The 1940s and 1950s were, collectively, known as the "Golden Era" of Sci-fi. During this time science fiction gained wide public attention, particularly through literature.
Leaving the obvious talents of H.G. Wells and his historic literary counterparts behind for a moment, it was the Second World War and the creation of the Atomic bomb and other technological advances, which created a stimulus for this golden era.
Much of the films in the 1940s focused on the war and there is probably scope for a "war babe" site somewhere on the web, but it won't appear here. What this means is that the 1940s was rather short of sci-fi films and thus babes. In fact, the decade lists only 32 films made in the genre, a far cry from the next decade which boasts over 180!
However, there was a whole host of serials that aren't listed in the Wiki list, but I have included them as they pass my sci-fi test - (see my blog or comments on Batman).
As a start, we had the Flash Gordon serial, of course. We met Dale Arden and Princess Aura in the 1930s, but for the last of the 3 serials, Flash Gordon Conquers the Universe (1940) the actresses changed. Dale was played by Carol Hughes..
... and Aura was played by Shirley Deane
I thought Dale was a lot braver in the 1940 serial and looked very leggy in her costume, which had a very short skirt for the time. Aura did very little, but we will meet them both again in the 1980s.
The encouragingly-titled The Perfect woman (1949) starred Patricia Roc as Penelope Beman, the "perfect woman".
A busy lady, Linda Stirling starred in the films Manhunt of Mystery Island (1945) and The Purple Monster Strikes (1945). In the Republic serial, The Crimson Ghost (1946), she played feisty Diana Farnsworth, and whilst the image below is fairly representative, she does look better in colour (don't we all?).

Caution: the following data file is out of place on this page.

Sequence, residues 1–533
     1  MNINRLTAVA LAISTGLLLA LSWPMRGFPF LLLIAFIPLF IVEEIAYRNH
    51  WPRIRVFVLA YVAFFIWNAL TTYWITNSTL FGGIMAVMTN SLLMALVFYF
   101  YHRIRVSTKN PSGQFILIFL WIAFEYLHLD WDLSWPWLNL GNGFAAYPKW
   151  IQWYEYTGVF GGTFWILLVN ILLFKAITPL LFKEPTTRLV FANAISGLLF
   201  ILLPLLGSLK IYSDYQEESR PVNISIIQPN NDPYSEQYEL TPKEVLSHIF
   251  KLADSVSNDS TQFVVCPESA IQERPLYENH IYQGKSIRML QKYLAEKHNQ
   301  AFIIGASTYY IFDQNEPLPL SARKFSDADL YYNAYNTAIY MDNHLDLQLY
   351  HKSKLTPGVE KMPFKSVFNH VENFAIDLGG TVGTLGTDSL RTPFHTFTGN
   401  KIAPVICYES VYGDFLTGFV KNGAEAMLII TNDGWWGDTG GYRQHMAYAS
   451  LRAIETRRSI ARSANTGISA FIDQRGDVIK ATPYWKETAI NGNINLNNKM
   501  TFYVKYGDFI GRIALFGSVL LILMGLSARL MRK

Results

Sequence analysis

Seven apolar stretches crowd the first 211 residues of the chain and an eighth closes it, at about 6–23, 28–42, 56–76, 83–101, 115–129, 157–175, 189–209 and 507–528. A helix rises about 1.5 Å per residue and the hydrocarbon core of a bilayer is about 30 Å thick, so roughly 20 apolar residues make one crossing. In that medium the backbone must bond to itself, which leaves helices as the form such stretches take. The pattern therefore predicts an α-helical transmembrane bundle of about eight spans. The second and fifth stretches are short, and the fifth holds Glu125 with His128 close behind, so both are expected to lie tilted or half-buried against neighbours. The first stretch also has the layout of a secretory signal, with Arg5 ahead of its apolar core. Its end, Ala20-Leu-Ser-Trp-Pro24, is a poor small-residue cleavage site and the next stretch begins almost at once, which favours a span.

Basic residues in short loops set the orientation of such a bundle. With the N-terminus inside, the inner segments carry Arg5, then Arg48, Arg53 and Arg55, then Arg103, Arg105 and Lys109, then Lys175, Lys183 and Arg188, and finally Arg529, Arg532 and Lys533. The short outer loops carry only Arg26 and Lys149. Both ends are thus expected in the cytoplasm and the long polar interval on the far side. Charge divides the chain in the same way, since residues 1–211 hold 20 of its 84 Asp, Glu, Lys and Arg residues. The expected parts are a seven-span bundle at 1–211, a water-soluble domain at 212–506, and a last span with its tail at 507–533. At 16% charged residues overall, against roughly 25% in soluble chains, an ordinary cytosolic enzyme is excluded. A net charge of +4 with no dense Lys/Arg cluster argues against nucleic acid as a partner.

Another busy actress, Anne Nagel appeared in Man Made Monster (1941), sometimes known as The Electric man, as June Lawrence. This image doesn't do her justice, as she was a very pretty actress. Shame that her life was dogged by her husband's suicide and a long bout of alcoholism...
She also appeared in the Serials The Green Hornet (1940) and The Green Hornet Strikes Again (1940) as Lenore Case, the hornet's secretary.
Not on the wiki list is Captive Wild Woman (1943). Here we have Acquanetta, also known as the Venezuelan Volcano, playing Paula Dupree, who is actually a gorilla with transplanted organs from two different women, including a human brain, of course.
However, the transformation was not a complete success, as Paula started to mutate back to her gorilla shape, killing the mad doctor who created her in the first place.
A year later, Jungle Woman (1944) followed and again we saw the exotic and beautiful Acquanetta (who by the way was born Mildred Davenport, but claims she was born on a native American reservation) playing Paula Dupree aka the ape woman. There was a further film in the ape-woman trilogy, The Jungle Captive (1945), although played by Vicki Lane this time. This film isn't listed as sci-fi by IMDb, but I don't see why - it included the same Paula Dupree character and follows the same storyline. It's difficult to find a good image from the film, so here's sultry Acquanetta in a movie poster for Jungle Woman.
Also not on the wiki list, Dr. Jekyll and Mr. Hyde (1941) , too featured a small bevy of beauties from the decade. First we have the very lovely and very Swedish Ingrid Bergman as Ivy Peterson, a sensual young barmaid, unfortuntely killed by Hyde.
Also in the film was "sweater girl" Lana Turner, as Beatrix Emery.
Another notable babe at the time was the Black widow (1947) (not the Marvel character, who appears much later on) which starred Carol Forman as Somdra aka the daughter and agent of King Hitomu, and she looks pretty hot in her black costume. This was a serial made in the 1940s and re-shown as a TV series in the 1960s.
To make up the numbers, here's the Invisible Woman (1940), played by Virginia Bruce (although personally, I can't wait to get to future versions of the character...).
The 1940s were short of babes, but in the next decade the number of sci-fi films increased dramatically...
>>On to Sci-fi babes of the 1950s